The Sloughouse Inn is no more and in its place is the new Meadowlands Restaurant from the owners of Lucca, Roxy, and Lucky Dog Ranch. This means you'll get the same great service and food that you've come to love at the other restaurants. Many of the ingredients come from Lucky Dog Ranch. The beef is all grass fed and free of antibiotics and hormones and many of the vegetables come from their own gardens. 

The menu is farm to fork, new American and with similarities to Roxy. For instance, you will find the Elvis Burger and the Lucky Dog Ranch Burger on both menus. The idea here, though, is to showcase the seasonal produce that is produced in the area and that you might find down the road at Davis Ranch market. 

outside Ta Prohm
Many people have a visit to the famed Angkor Wat as part of their bucket list. I have a Things to Do Before I Die List and it's definitely been on there for some years. When my friend told me he was heading there last month, I was a bit jealous. Then I got an awesome airfare and ended up joining him.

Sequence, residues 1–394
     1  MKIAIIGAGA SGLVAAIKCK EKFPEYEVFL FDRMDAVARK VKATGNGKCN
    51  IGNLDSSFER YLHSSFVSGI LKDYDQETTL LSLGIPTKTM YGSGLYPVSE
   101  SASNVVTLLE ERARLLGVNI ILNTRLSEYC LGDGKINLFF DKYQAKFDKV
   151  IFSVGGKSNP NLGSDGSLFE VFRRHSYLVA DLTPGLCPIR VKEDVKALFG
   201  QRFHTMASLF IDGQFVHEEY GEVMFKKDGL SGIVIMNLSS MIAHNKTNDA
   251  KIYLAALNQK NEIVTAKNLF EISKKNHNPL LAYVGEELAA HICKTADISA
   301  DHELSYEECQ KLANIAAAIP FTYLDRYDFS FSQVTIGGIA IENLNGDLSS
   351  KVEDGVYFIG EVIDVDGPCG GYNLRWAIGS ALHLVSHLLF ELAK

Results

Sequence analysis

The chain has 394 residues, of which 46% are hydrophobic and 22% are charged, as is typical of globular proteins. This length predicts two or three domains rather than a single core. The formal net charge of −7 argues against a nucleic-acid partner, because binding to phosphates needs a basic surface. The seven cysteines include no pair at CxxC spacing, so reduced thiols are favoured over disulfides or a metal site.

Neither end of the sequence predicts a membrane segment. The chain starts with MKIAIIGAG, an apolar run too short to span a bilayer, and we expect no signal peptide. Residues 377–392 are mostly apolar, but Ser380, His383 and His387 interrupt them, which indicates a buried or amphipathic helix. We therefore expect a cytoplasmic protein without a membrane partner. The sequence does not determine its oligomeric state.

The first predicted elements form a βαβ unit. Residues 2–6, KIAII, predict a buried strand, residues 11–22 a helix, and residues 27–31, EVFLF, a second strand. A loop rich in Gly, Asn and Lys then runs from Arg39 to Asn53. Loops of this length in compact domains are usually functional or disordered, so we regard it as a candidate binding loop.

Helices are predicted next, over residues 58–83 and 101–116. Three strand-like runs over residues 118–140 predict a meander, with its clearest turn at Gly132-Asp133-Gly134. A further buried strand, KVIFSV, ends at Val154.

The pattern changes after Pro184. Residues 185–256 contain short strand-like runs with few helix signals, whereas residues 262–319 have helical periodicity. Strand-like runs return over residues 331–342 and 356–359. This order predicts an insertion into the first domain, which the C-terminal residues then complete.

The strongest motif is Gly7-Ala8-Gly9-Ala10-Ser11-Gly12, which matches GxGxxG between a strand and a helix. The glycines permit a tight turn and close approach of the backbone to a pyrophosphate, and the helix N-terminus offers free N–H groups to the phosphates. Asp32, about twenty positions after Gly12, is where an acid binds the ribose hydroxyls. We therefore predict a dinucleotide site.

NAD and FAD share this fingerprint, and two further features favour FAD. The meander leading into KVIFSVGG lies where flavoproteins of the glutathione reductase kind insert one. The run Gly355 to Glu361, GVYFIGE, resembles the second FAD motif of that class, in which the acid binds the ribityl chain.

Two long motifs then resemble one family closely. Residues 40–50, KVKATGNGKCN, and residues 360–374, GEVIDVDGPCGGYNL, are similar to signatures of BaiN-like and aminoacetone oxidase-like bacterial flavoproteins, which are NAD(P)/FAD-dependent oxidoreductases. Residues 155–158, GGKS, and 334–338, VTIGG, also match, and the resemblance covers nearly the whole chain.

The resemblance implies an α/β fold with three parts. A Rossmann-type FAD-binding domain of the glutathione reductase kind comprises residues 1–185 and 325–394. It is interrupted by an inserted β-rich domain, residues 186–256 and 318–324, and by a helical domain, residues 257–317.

Tuk tuk drivers are always on their toes as salesmen. As I've mentioned in Bangkok to Siem Reap - Train or Bus?, drivers will try very hard to become your driver for the duration of your stay. They will also try to sell you sites as distant as they can. Such was the case with Mr. Song who convinced us to go the floating village an hour away. Having him for the afternoon to do so would cost us $15.

We were a bit miffed to arrive, after bumping over unpaved roads, at a boat dock and told it was another $15 each to see the floating village. We had naively been under the impression he would take us ashore from the village. We later discovered why. The floating village really is floating in the middle of Tonle Sap Lake's shallow shores. 

We know the country as Cambodia, but the history and region are Khmer. What's that? The empire that built Angkor Wat and many other temples through Southeast Asia was the Khmer empire. The empire ran through today's Thailand, Cambodia, Laos, and Vietnam and ran from about the 8th century to the 13th century. Today the term "Khmer" is still used throughout the country.